I always read my blog posts a day or two after I publish them - man is it a humbling experience. If ever I needed a reminder that I am a mere human who makes mistakes, this is the moment I get it like a slap in the face. Whack!
There is a beautiful satisfying feeling of accomplishment when you hit that save and publish button. I did it. Somehow another blog post has fallen out of my brain. Yay! Time to share. Next, I log onto LinkedIn promote my post and then I do the same on Twitter, Facebook and even Insta (my poor friends).
Even though I have proofread my post several times before publishing it, a day or two later I check the post again - when I have some distance and when I can see things a little more clearly. It might be a good idea to get into the habit of holding off on promoting my posts on social until I have done this distance check, as all those funny little mistakes that make me cringe, laugh and almost cry need ironing out before anyone sees them. Or do they?
I was talking to my husband about my ridiculous errors. 'I cannot believe I can call myself a writer and spell beta blockers wrong! Even with spell check my spelling sucks! I used "undermind" instead of undermine.'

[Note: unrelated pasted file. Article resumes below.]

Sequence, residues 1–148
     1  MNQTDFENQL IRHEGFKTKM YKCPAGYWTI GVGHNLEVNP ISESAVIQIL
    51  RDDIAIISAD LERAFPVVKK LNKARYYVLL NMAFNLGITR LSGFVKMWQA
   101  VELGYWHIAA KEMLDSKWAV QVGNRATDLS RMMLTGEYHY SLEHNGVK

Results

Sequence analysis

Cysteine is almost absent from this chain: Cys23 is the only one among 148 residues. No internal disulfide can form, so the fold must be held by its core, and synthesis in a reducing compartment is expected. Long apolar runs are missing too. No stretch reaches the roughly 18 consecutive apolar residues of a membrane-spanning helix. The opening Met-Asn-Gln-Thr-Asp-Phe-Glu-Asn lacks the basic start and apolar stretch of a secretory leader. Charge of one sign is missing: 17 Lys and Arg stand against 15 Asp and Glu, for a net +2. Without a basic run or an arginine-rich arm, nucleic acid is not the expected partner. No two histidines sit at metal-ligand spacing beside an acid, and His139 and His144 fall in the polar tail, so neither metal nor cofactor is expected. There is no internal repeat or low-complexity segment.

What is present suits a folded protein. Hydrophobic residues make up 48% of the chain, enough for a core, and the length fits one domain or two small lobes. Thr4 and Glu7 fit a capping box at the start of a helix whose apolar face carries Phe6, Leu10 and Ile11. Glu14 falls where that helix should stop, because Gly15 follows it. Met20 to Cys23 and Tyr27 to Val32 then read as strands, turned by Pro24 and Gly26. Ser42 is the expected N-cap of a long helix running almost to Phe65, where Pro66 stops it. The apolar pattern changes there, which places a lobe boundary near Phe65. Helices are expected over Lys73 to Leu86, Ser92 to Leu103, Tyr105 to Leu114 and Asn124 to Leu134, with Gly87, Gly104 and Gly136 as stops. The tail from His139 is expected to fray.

Yes, that is correct I actually did this. Undermind - you can't unsee that!
He kindly said, 'It's just because your brain is moving too fast.' Then he made the strangest suggestion. 'You should do a post on your bloopers.' Of course, my first thought was, 'He's crazy!'
And then, it got me thinking...
At the recent Teach Tech Play conference (which was fabulous by the way) I went to a session on blogging with Kathleen Morris . A conference by teachers for teachers, I felt a bit of a fraud being there (not being a teacher) but I am so glad I went to Kathleen's session. I got so much out of it.